…and related ports of call. In “The Husband Hour” by Jamie Brenner, a widow’s reclusive life in a beach town is interrupted by a surprise visitor. “That Month in Tuscany” by Inglath Cooper pairs a girl on the rebound with a rock star harboring a secret. In “The Family Gathering” by Robyn Carr, an Army vet Dakota Jones returns to Colorado to sort out his life (code for ‘find a girlfriend). And in “Lilac Lane” by Sherryl Woods, a single mom goes back home.
In “Bring Me Back” by B.A. Paris, a man begins to suspect that his missing girlfriend may be alive. “This dark and twisted thriller will keep you on your toes” (Buzzfeed). In “The Crooked Staircase” by Dean Koontz, Jane Hawk continues to battle the strange epidemic of murder-suicides that claimed her husband. “(“The Silent Corner). In “The Gray Ghost” by Clive Cussler, The Fargo’s search for a missing Rolls-Royce prototype. In “The Lady Vanishes” by Amanda Quick, a woman escapes from kidnappers who are testing an experimental hallucinogenic. In “The Bags of Tricks Affair” by Bill Pronzini, a grifter seeks justice after having been grifted!
“Shylock is My Name” by Howard Jacobson (The Finkler Question), does a contemporary take on William Shakespeare’s Merchant of Venice. It is part of the Hogarth Shakespeare Project, which seeks to generate interest in the Bard’s plays by casting them in a contemporary light. Tracy Chevalier’s “The New Boy” (Othello) is a prep sports star who will never be fully accepted by his classmates; Ann Tyler’s “Vinegar Girl” (Taming of the Shrew) refuses to be a passport bride, and Jo Nesbo’s “Macbeth” (Macbeth) is a rising mob boss. The complete series is listed ehere. “Fools and Mortals” by Bernard Cornwell presents Shakespeare from the point of view of his far more respectable brother
2 crime stories by Volker Kutscher evoke Berlin on the eve of the Nazi ascent. In “Babylon Berlin”, police discover a body with no identity who had clearly been tortured. Investigator Gereon Rath discovers a connection with a circle of exiled Russian communists who are smuggling gold out of their homeland to purchase arms. But there are other people trying to get hold of the gold and the guns. In “The Silent Death”, Roth investigates a suspicious death on a movie set. These are “excellent police procedurals that cleverly captures the dark and dangerous period of the Weimar Republic before it slides into Nazism” (Kirkus Reviews).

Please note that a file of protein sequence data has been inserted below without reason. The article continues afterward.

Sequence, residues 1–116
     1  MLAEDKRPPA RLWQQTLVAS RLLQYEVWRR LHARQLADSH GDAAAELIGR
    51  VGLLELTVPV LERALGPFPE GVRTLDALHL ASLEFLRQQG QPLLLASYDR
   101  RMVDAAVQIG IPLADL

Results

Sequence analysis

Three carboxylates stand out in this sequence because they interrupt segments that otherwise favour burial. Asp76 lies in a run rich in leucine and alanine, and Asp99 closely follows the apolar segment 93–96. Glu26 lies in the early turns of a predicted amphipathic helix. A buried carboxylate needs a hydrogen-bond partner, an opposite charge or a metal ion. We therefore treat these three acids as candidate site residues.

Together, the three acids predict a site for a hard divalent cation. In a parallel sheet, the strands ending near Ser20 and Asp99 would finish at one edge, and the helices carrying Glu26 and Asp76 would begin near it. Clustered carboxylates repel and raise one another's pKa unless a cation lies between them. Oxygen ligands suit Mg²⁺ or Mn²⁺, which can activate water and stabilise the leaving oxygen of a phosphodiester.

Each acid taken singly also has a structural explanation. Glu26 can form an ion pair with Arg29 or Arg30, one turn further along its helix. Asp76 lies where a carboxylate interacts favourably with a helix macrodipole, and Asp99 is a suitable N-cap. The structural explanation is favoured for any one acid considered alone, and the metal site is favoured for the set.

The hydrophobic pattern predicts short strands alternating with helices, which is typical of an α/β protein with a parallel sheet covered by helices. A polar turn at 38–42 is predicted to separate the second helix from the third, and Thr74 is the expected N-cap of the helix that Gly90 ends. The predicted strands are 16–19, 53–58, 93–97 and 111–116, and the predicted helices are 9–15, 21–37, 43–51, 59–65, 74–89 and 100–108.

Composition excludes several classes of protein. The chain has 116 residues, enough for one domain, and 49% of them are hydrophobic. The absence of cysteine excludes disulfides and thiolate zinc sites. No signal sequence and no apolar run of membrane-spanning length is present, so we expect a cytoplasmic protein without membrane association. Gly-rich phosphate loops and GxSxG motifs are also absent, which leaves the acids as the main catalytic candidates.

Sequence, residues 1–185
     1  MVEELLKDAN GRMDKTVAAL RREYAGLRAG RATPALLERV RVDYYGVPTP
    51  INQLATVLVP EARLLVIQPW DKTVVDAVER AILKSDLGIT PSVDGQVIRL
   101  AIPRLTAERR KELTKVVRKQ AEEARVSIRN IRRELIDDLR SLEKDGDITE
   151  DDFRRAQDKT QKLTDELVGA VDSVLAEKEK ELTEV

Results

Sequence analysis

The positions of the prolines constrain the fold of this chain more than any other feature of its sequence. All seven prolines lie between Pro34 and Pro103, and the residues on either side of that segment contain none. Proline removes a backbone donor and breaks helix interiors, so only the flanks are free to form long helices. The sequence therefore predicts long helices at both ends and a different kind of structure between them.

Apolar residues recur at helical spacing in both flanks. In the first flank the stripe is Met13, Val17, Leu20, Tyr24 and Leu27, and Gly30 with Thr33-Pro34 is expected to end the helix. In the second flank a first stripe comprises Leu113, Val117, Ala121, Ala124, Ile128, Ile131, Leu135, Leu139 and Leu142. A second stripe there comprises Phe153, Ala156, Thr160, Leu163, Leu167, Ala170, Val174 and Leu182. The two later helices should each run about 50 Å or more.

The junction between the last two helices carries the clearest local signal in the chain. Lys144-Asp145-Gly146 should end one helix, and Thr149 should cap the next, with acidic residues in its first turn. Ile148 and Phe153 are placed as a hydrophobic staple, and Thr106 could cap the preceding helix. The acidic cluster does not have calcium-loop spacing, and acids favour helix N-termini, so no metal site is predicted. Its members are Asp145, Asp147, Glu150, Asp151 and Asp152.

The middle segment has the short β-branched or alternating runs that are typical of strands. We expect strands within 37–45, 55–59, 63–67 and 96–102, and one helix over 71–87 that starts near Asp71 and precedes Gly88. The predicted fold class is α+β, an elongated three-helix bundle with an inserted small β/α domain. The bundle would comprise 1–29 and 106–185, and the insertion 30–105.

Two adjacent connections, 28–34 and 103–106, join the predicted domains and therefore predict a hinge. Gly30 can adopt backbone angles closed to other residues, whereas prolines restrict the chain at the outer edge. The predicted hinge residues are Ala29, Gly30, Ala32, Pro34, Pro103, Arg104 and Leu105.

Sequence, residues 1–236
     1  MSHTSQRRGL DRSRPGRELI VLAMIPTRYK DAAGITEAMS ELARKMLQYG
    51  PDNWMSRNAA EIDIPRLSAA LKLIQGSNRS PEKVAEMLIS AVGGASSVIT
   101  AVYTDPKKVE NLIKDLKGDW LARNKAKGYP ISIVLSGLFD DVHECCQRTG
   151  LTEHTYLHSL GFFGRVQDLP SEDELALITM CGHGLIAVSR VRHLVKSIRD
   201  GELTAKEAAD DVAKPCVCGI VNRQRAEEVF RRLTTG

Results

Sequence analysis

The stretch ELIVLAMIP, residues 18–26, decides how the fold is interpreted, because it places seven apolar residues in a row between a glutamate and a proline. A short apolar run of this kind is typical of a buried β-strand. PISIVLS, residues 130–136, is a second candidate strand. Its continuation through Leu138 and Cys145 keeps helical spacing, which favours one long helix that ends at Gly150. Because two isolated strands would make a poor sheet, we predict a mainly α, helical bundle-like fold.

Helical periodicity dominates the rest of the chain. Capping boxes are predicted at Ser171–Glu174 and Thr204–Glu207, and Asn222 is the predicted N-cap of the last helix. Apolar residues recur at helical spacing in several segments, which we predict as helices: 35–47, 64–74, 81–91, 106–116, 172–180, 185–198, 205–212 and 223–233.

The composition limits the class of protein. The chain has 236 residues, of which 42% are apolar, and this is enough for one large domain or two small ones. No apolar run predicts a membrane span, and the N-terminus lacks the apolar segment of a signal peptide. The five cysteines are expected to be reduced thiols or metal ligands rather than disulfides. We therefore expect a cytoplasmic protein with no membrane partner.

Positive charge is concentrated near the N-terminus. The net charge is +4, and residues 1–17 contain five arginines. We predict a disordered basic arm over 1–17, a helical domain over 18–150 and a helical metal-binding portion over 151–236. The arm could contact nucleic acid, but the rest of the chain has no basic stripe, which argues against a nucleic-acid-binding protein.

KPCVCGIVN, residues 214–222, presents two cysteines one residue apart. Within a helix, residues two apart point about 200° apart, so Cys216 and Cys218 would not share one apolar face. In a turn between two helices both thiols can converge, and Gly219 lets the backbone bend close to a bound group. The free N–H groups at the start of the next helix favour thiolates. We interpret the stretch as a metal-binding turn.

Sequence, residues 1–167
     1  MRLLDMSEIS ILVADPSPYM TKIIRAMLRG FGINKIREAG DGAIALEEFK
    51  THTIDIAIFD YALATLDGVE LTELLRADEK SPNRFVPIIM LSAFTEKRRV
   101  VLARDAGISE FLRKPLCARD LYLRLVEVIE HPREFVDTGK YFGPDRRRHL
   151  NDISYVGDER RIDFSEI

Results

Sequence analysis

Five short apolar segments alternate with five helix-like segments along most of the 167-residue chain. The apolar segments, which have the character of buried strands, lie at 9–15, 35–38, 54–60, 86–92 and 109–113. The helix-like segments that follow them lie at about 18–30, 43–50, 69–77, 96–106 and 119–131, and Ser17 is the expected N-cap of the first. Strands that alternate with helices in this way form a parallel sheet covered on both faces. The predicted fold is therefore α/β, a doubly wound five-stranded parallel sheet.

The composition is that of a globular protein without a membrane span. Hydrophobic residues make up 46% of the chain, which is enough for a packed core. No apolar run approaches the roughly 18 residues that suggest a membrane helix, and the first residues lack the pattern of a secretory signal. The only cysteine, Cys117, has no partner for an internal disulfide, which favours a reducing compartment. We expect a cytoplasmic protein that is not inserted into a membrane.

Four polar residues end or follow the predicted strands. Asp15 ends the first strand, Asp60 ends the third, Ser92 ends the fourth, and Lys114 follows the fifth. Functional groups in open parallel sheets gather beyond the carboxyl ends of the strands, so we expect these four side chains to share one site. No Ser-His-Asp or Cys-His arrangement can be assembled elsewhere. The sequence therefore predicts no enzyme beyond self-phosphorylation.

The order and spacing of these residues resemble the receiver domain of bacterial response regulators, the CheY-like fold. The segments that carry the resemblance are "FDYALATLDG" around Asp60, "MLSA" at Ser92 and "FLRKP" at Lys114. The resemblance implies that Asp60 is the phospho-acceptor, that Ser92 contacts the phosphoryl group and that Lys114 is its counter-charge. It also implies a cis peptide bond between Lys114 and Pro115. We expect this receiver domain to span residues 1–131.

In “A Shout in the Ruins” by Kevin Powers, the traumatic impact of the Civil War is followed across the generations of 2 families from the same plantation, one white and one black. “Gods of Howl Mountain” by Taylor Brown evokes a world of folk healers, whiskey-runners, and dark family secrets set in North Carolina. In “The Romantics” by Pankaj Mishra, an Indian student is caught between the tug of his culture and the allure of the West. “Circe” by Madeline Miller depicts the mythic witch who famously turned Ulysses men into wild pigs.
“Beach House Reunion” by Mary Alice Monroe dusts off the venerable ‘cant-go-home-again’ theme, with nieces and grannies and babies on hand to raise sand on the Isle of Palms. A wildlife sanctuary subplot offers some diversity. “The High Tide Club” by Mary Kay Andrews tweaks the summer reunion plot by reuniting a gang of retirees. Their age insures many years of accumulated secrets and resentments to iron out! Meanwhile, wedding bell blues are ringing in “By Invitation Only” (Dorthea Benton Frank) and “A Nantucket Wedding” (Nancy Thayer), thanks to in-law problems and second thoughts on the impending nuptials.
Heroism on a more mundane level is on hand in Clint Eastwood’s “The 15:17 to Paris”. Two off-duty servicemen and a college student board a train to Paris which it is high-jacked by a terrorist. Eastwood ‘shoots with documentary-style immediacy’ as he tells this tale of ordinary courage. In “The Commuter”, Liam Nesson plays an insurance salesman whose train ride home becomes a race against the clock.